Disability visibility

Kay Jewelers has been running a series of ads this Christmas season about a deaf woman whose boyfriend is trying to learn sign language and regaling her with gifts of jewelry.  The ads prompted me and Mrs Acilius to try to think of other commercials for products not specifically related to disabilities that feature disabled characters.  We couldn’t remember ever having seen one.  Can you?

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12 Comments

  1. cymast

     /  December 11, 2008

    It seems like I remember a Target or Wal-Mart commercial that had a wheelchair-user in it some years ago. I tried searching on youtube but didn’t find it. But I did find this:

  2. acilius

     /  December 11, 2008

    That commercial is great! Thanks for the link.

  3. cymast

     /  December 11, 2008

    You’re welcome!

    The only other “commercials” I can think of off-hand are my National Fire Protection Association “Fire Prevention Week” tee-shirts, courtesy Mr. Cymast. On the backs of some are a printed drawing of a group of people, one of which is in a wheelchair.

    I know I’ve seen 1 or 2 TV commercials with a guy in a wheelchair in a store. It could’ve been K-Mart or some other “mart,” it’s been some time ago . .

  4. acilius

     /  December 11, 2008

    It’s amazing how little you see of disabled people in mass media. Young disabled people in particular are almost completely invisible there.

  5. cymast

     /  December 11, 2008

    Perhaps more disabled people should audition?

  6. acilius

     /  December 11, 2008

    Dunno. I suspect that agencies have particular physical types in mind when they design commercials. So if the script calls for a 56 year old woman with dark hair, a 41 year old man with graying hair, and a 19 year old woman with blond hair, auditioners will be grouped into those descriptions. If you don’t meet any of the descriptions, there won’t be a part to audition for.

  7. cymast

     /  December 11, 2008

    Somebody in a wheelchair could fit perfectly into any of those descriptions you mentioned. What often irks me is when a non-disabled person is cast in the role of a disabled character. There are exceptions, such as when the performance is particlarly outstanding, such as in the movie WHAT’S EATING GILBERT GRAPE. The TV show LIFE GOES ON cast an actor with Down Syndrome in the role of a character with Down Syndrome- that helped make it of my favorite shows.

  8. acilius

     /  December 11, 2008

    “Somebody in a wheelchair could fit perfectly into any of those descriptions you mentioned”- well, people do tend to notice the wheelchair. If the original description didn’t include a wheelchair, then it’s going to require a rethink of the character to cast a wheelchair user.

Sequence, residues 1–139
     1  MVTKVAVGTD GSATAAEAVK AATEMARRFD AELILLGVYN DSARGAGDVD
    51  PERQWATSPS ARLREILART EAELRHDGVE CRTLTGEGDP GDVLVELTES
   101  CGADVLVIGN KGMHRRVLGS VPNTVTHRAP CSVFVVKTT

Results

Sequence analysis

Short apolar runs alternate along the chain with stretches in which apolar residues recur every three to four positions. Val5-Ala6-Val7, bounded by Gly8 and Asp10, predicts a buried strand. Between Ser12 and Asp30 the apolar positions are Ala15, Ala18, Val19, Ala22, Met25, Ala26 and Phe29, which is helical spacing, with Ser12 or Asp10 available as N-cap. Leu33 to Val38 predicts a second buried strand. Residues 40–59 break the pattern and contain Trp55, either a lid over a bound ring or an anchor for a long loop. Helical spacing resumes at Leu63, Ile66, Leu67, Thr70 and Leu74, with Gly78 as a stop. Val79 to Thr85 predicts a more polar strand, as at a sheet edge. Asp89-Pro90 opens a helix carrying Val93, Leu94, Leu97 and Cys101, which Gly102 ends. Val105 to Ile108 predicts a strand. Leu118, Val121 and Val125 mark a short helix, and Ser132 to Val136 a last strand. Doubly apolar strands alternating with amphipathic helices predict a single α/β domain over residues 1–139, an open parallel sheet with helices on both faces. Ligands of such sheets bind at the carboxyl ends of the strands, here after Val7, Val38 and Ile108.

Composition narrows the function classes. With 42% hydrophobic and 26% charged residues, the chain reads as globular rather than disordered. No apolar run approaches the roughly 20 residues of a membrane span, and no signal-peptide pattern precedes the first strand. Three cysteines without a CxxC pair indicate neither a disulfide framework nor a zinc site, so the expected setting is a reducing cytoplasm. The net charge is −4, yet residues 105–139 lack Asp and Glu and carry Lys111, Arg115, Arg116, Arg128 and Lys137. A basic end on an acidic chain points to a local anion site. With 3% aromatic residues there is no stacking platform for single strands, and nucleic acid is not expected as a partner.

Non-disabled actors as disabled characters- can be a problem, certainly. The whole blackface issue. And it’s not really fair to disabled actors, when they have so few parts to try out for, to give the few that are available to non-disabled actors. But what happens when the choice comes down to, A, non-disabled actor plays disabled character, or, B, no disabled character is shown? That’s certainly been the choice Hollywood has faced many times in the past. So a movie like WAIT UNTIL DARK could be made in the 60s with a blind woman as the main character, but only if that woman were played by Audrey Hepburn. No blind actress then working had the box office drawing power to open a movie like that. Likewise with GILBERT GRAPE and other high-profile examples.

    So when do you settle for what’s available, when do you insist on the full package? I don’t think a general rule is possible. It seems like something where you have to go case by case.

  9. cymast

     /  December 11, 2008

    Good points. Disabled people are, however, a minority in number. I would even venture to say a good number of disabled people aren’t in a position to be auditioning for acting roles. So you have a very small demographic in the first place. Plus, the process of auditioning can be very physically demanding, so physically challenged actors are doubley at a disadvantge. In any case, unless you have an agent and are a brilliant actor, parts are usually slim and none.

  10. acilius

     /  December 12, 2008

    Not so small in number- there are more Americans with identifiable disabilities than there are in any ethnic minority.

  11. cymast

     /  December 12, 2008

    So there are more disabled people than there are black or Hispanic people- quite surprising. Where are they?

  12. acilius

     /  December 12, 2008

    Not on TV, that’s for sure.

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